AbstractThis paper examines the suggestion to postpone instruction on early foreign language learning, from both second language acquisition (SLA) and language planning and policy (LPP) perspectives. Contrary to the widely held belief that SLA research on age effects can inform policymakers as to when to start instruction, this paper demonstrates that such research may not offer much to language policymaking. The paper argues that the use of a more pragmatic approach in the transdisciplinarity of SLA and LPP emphasizing research into the benefits of instruction for children should be the underpinning SLA-based rationale for early foreign language learning policies. The paper contends that collaborative work between policymakers and researchers working in LPP and/or SLA domains in an SLA-LPP consortium could help address the problems occurring in the micro-context of policy interpretation and enactment with a primary focus on input enhancement rather than postponement.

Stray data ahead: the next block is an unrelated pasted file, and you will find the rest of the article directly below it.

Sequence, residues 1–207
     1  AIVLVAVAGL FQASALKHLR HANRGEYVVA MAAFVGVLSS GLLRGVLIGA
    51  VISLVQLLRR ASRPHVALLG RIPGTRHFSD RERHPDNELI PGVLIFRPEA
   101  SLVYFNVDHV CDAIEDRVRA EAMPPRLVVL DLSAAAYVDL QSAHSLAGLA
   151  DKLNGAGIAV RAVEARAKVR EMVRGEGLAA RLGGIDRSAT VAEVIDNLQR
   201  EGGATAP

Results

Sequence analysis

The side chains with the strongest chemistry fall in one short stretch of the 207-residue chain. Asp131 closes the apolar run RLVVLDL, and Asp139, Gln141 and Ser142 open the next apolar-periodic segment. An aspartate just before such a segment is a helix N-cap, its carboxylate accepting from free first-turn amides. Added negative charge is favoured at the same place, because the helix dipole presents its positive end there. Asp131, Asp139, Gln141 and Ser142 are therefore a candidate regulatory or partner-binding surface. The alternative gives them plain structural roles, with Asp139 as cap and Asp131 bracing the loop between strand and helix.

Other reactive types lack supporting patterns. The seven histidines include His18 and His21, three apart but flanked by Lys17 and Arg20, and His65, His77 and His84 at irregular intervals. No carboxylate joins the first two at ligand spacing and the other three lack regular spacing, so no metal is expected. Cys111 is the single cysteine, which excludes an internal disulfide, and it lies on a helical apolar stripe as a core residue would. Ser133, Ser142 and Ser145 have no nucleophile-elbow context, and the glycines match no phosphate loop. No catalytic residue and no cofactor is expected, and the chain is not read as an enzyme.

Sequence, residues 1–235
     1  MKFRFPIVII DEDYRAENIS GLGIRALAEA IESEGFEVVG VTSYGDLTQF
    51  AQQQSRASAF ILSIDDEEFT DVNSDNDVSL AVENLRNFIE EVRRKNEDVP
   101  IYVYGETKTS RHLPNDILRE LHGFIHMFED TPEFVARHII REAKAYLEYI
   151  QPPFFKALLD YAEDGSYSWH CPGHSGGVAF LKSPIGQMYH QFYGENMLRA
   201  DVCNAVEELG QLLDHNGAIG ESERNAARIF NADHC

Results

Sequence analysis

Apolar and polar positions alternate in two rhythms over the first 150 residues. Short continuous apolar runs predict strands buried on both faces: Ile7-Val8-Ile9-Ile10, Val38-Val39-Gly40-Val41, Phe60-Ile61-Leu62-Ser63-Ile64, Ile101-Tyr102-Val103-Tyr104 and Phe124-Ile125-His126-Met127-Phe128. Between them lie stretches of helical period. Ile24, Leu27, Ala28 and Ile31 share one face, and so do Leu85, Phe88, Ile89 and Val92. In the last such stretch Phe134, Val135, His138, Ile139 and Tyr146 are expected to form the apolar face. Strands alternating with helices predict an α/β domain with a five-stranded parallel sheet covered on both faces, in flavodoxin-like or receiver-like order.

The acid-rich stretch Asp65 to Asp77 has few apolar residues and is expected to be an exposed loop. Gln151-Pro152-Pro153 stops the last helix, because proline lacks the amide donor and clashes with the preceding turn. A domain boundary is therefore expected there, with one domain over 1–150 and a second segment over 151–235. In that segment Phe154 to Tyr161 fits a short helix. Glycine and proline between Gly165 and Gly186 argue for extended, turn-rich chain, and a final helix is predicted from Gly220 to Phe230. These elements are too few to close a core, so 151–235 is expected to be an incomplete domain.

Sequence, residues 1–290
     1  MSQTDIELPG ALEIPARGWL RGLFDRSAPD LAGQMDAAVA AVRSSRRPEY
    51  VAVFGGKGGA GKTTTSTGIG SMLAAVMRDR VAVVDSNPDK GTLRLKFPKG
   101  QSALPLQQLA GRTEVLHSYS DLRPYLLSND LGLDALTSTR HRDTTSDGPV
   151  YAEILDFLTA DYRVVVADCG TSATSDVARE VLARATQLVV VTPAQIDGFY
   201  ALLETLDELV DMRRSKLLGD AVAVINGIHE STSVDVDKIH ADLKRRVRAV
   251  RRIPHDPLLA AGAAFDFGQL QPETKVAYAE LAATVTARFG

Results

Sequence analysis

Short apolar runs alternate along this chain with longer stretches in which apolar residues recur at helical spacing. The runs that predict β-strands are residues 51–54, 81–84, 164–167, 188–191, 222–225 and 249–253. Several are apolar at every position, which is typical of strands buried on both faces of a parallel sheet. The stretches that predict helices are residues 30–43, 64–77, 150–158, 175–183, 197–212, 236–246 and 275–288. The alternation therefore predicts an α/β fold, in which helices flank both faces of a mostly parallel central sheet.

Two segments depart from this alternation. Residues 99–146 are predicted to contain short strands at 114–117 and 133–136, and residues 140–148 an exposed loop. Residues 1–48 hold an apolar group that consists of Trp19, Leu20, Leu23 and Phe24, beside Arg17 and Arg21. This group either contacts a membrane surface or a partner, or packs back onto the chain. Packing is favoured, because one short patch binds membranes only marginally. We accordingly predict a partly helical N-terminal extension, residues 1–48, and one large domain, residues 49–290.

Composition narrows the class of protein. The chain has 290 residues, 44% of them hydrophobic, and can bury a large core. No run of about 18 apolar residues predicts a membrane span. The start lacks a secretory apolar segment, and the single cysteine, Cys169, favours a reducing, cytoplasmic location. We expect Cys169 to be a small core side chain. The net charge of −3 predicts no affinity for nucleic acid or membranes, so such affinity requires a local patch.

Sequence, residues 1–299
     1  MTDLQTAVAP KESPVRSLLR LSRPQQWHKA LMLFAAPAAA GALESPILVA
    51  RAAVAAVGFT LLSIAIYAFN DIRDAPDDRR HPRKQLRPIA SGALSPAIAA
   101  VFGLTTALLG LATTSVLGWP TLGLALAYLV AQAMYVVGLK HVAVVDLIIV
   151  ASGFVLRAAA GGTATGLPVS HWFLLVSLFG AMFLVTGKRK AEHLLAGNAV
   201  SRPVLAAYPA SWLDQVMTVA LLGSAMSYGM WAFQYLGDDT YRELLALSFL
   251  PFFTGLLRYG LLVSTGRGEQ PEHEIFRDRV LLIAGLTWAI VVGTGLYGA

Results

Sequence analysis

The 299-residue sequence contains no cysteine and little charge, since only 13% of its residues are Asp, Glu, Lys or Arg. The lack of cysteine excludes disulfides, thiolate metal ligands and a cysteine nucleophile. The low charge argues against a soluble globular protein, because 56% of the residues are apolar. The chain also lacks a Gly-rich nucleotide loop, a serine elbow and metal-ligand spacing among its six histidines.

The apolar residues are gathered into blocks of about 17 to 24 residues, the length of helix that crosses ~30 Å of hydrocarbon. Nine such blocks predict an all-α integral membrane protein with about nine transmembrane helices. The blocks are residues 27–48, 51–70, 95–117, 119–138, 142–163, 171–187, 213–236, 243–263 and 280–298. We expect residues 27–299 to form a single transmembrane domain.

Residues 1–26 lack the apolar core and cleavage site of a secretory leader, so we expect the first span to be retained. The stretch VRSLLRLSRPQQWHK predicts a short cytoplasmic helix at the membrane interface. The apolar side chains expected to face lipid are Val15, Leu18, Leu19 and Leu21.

Applied Linguistics Review – de Gruyter
Published: Nov 27, 2017